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  21. Great article! I am also glad to read the comments and see there are many, many more of us out here. We have been out of church for 2 years now. I felt God asked me to blog about our experiences (I am not a writer). I have faithfully done so and it has been very rewarding. I can also say that I have grown more spiritually and had more real fellowship with other believers than in all of the 35 years I spent in a (c)hurch. That is not being nasty, it is just an exciting, unexpected (by me) truth. I went to seminary, and spent many years on staff as a counseling pastor when God called me away. I can honestly say I did not leave because of hurts, but I have seen how I was causing hurts when I was part of the church machine. :( I was just directed to go, so we sold everything and went. It has been the most rewarding, sometimes hair raising, time of our lives, but we would not trade it for the world. Freedom from fearful living is priceless. Thank you for sharing and bringing so many of us together.

    Liked by 3 people

    • To many church goers anyone who leaves the church system must be backslidden or hurt and wounded, Many stories about “outers” I’ve read are like you (and us) who left by God’s direction not hurt feelings..Very encouraging to hear about your fruitful fellowship and labour for the Lord outside the system.

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  22. A lot of great discussion and comments. If the institutional church was not so dominated by “occupational ministry” there would not be nearly as much negativity towards those who quit attending.As I see it in Scripture,ministry as an occupation should be the exception rather than the rule,but in the institutional church,it is the rule.Local church pastors/leaders worry about losing attendees and income…..a worry that shouldn’t even exist. Ironic too,how pastors/leaders who make their living by local church ministry,expect the rest of us who work full-time jobs to “step up” “pitch in” and minister for free…..after all,their “job” is just to “equip” the rest of us to do the work of the ministry….and of course their definition of “the work of the ministry” is doing things at and for their church. Someone who genuinely equips another would care little about how that helps them out,in work or finances.They would just be concerned that things go well for the other person,enjoying their life with Christ. Multitudes of school teachers care deeply about their students and desire that they be successful.They don’t however expect those students to stay and help them out and give of their time and money,though an occasional visit or note of gratitude is greatly appreciated. In local churches however,pastors/leaders expect people to stay and work,help them out….unless of course one decides that they too have been “called” to the ministry or the mission field. In that case,a “love” offering may be taken for that person,from the rest of us non-ministering folks who are “being equipped”,giving us another opportunity to share in the work of the ministry. My sarcasm is obvious,and I don’t mean to “knock” all pastors/leaders,churches,missions,etc., but I, like many others have became tired of leaving my brains at the door when going to church,basically being lied to, and then made to feel as though we are unspiritual if we don’t accept it.We are not done with the Lord or the Body of Christ,just with all the nonsense.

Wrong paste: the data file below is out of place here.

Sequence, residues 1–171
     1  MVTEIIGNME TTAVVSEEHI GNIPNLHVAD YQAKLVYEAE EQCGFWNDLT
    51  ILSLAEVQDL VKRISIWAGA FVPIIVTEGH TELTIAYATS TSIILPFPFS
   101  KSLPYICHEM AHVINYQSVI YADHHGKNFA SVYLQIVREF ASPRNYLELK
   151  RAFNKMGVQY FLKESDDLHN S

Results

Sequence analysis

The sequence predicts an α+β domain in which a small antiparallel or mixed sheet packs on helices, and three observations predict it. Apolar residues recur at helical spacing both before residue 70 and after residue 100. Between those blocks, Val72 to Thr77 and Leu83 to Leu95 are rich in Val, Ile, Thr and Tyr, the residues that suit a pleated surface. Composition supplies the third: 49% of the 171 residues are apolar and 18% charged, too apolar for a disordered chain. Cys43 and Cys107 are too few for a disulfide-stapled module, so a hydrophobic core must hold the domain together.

Liked by 1 person

    • Ouch… now you’re just meddling! You’re so right, Daryl. It’s hard for me to believe how blind I was to all this when I was surrounded by it, but now that I’ve stepped back the things you mention here really just turn my stomach. It all seemed so right and good at the time. Great comment – thanks for sharing.